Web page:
Whenever a relatively rare clinical entity is of such a nature as to be readily confused with one of common occurrence, an enlightened clinical and surgical judgment results from an analysis of their differential symptoms and signs. Vaginal hernia or enterocele presents such an entity.
The number of cases of vaginal hernia reported in the literature is relatively small. In 1736, Garengeot1 described a case, which was later followed by a description of similar cases by Verdier, Hain, Sandifort and Richter. In 1804, Sir Astley Cooper2 reported a postmortem case in his classic work on hernia. Barker3 stated that no case was recorded in the first sixteen volumes of the Transactions of the Obstetrical Society of London. Most of the earlier works on gynecology give no mention to the subject or else describe it briefly as a pudendal hernia. Taylor,4 in 1831, and Bernard, in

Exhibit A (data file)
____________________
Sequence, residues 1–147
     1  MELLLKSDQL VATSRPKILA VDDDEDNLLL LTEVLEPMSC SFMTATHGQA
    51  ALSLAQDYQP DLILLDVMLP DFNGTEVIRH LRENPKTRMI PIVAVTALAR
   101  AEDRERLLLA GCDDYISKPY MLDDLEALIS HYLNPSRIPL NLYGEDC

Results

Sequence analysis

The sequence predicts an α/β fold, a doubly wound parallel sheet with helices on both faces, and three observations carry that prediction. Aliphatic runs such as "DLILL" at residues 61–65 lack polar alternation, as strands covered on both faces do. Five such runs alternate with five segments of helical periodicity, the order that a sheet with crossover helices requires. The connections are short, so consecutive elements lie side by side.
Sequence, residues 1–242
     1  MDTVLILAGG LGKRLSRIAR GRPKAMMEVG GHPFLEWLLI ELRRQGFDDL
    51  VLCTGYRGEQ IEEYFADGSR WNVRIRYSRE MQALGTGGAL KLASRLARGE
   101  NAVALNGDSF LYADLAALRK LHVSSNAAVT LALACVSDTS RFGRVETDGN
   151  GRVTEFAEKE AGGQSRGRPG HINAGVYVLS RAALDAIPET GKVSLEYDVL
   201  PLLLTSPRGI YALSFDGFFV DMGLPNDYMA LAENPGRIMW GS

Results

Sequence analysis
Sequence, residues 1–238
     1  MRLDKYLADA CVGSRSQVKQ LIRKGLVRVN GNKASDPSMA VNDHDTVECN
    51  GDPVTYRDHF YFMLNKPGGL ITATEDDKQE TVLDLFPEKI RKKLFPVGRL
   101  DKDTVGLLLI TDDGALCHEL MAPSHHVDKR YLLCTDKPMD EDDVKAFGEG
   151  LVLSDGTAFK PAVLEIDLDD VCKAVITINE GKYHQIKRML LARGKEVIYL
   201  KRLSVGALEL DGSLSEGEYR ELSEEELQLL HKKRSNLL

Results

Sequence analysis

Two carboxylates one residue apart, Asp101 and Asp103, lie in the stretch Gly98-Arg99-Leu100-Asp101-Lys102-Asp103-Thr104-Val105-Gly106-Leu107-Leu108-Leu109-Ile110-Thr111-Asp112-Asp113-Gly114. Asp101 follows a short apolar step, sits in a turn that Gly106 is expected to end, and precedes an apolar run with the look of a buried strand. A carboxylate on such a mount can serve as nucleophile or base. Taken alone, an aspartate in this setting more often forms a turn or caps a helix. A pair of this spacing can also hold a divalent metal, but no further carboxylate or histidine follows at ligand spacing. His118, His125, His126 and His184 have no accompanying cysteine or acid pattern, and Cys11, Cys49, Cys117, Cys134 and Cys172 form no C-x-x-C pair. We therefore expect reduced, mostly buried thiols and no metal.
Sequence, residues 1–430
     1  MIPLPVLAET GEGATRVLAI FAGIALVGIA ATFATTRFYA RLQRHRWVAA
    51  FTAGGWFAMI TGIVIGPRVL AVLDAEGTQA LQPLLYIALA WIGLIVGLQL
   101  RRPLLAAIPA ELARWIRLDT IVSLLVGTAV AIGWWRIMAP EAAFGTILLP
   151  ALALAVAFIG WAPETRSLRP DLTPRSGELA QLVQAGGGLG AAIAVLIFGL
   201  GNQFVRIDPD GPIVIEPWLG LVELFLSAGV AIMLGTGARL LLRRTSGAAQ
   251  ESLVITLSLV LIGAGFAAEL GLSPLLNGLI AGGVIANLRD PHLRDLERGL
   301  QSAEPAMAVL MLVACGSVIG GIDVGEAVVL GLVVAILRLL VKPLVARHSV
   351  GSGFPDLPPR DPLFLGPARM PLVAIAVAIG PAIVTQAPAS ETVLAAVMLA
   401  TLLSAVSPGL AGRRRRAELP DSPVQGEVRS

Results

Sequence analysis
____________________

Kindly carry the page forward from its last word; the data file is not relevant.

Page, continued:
BUEERMANN WH. VAGINAL ENTEROCELE: REPORT OF THREE CASES. JAMA. 1932;99(14):1138–1143. doi:10.1001/jama.1932.02740660016004
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